The location of an oil field is the location where the oil was initially discovered. These fields are often in remote, less populated areas. So, reducing the distance between supply chain points by using a more regional location is not a choice. Oil producers must drill where the oil is, not where they wish it were for the sake of convenience.
In many cases, changing to a more cost-effective method of transportation is limited as well. Due to the heavy weight and hazards of moving combustible crude oil, there are few opportunities to switch to alternative, cheaper transit methods. These alternatives also often take more time, leading to delayed deliveries and a cascading strain on the overall supply chain.
How crude oil price fluctuations affect procurement in the supply chain
An increase in oil prices can be the result of high demand and limited supply in the market. These variances might happen because of a disruption in the supply, such as extreme weather that temporarily stopped refinement or political tensions that put production or transportation in jeopardy.
Such disruptions within the crude oil supply chain can put a squeeze on fuel buyers. Industries dependent on oil (which is almost every industry on the planet, to one degree or another) will not be able to procure the quantities of refined fuel products needed for their businesses. These shortages are especially impactful for those who rely on spot transactions instead of futures contracts.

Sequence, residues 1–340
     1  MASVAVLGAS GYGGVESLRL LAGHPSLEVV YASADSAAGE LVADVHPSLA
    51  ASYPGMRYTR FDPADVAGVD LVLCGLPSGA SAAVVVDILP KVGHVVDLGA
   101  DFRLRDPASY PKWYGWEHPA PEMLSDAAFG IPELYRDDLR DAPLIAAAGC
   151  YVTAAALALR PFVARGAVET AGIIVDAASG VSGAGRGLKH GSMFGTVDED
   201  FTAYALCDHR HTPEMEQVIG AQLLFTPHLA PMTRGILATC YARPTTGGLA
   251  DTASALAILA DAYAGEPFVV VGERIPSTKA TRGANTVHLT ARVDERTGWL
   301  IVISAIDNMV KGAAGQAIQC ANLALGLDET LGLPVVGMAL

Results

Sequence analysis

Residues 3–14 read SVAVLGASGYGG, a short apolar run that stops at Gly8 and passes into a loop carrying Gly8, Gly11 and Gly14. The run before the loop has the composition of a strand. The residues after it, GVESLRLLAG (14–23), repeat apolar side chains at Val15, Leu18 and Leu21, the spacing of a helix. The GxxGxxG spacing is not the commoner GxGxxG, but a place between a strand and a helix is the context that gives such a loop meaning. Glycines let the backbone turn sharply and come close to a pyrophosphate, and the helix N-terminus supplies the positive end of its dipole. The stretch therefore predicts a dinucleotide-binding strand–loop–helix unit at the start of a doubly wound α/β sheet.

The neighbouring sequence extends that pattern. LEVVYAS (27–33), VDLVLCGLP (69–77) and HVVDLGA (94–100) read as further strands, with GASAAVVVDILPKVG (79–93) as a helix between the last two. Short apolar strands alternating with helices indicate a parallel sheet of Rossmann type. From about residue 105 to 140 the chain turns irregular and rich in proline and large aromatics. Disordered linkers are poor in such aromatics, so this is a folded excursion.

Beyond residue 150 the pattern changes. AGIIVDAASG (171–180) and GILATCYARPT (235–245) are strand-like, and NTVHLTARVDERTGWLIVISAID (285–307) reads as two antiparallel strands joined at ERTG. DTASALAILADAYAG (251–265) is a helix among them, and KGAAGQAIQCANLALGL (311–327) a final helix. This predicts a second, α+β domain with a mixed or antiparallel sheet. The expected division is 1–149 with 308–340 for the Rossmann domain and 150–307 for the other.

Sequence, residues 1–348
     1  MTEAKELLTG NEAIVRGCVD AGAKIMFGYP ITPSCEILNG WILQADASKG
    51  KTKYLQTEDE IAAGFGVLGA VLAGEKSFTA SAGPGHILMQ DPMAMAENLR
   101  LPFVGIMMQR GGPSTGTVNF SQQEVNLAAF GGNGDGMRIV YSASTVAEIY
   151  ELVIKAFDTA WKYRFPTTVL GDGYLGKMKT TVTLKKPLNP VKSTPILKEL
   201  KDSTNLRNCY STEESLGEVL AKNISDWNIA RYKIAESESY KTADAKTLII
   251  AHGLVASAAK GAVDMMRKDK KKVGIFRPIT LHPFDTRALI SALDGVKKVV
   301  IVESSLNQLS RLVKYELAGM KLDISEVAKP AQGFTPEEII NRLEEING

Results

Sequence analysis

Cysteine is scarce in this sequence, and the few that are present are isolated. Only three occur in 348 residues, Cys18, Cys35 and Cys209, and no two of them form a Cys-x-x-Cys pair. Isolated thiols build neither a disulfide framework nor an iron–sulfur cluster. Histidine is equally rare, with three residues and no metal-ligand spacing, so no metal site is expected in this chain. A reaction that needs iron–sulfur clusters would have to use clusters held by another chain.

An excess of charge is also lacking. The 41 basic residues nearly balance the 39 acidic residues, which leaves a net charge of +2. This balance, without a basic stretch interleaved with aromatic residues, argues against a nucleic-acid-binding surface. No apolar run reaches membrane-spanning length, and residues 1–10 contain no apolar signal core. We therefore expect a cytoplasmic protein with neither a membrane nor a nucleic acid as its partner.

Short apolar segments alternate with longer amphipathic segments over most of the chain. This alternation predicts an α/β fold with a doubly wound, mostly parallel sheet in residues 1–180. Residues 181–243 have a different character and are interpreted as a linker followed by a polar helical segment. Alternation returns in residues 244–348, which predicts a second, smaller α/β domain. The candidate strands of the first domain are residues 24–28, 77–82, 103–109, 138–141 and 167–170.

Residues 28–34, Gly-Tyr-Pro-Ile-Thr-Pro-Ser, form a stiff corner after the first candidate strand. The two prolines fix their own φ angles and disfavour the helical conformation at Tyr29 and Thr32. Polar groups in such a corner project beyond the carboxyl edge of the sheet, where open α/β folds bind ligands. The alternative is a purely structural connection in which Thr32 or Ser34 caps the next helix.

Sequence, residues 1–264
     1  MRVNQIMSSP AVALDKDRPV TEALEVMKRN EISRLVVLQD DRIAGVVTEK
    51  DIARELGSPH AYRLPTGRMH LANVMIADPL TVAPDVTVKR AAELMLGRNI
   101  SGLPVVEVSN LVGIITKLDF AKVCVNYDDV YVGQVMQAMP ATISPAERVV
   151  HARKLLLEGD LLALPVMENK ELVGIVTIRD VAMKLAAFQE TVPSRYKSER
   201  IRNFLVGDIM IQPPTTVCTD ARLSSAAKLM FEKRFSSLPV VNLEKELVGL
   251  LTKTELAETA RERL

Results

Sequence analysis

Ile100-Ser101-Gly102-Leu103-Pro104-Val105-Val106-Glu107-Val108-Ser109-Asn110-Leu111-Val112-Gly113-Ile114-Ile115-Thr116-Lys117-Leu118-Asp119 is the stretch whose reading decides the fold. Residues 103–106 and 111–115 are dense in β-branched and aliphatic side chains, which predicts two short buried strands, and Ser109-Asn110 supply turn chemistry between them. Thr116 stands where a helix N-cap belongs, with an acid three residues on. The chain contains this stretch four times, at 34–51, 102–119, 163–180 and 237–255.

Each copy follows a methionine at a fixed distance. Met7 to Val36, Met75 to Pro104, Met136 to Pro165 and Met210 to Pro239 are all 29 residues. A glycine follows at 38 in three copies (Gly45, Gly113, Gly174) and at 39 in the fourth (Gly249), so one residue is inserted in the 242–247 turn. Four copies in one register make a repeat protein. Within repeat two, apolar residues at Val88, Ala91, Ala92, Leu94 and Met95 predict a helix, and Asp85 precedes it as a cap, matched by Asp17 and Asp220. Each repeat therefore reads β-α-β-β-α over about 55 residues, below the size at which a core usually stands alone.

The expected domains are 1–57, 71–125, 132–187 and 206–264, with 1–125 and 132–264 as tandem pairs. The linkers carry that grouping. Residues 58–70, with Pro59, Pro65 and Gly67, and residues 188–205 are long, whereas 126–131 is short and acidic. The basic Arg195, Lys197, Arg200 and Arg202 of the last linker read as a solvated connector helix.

When facing a supply chain crunch, fuel sellers will often prioritize those with contracts already in place, potentially not having enough left over for those who need a real-time purchase.
How crude oil price fluctuations affect consumer sales in the supply chain
Crude oil price fluctuations are especially visible for fuel buyers who operate at the end of the supply chain and sell directly to consumers. Since crude oil is the main component of gasoline and diesel fuel, gas prices naturally follow when crude oil prices go up. Profit margins are already slim at this stage in the supply chain. With such tight margins, individual gas retailers often have little choice but to pass along the price increase to their customers.
It’s time to rely on accurate, up-to-date data to power your supply chain management strategy
Internal inventory management and accounting systems can only tell you so much. In a volatile market like oil and gas, unpredictable spikes in wholesale rack demand can catch buyers off guard. This volatility makes market analysis and prediction challenging to master.
With DTN Refined Fuels Demand, you can benefit from a comprehensive data feed with both current and historical trends customized to your needs. By answering many of the daily questions facing fuel buyers, DTN enables customers to maximize fuel market opportunities with confidence.
Try it out for yourself and experience the competitive advantage DTN Refined Fuels Demand can offer your business today.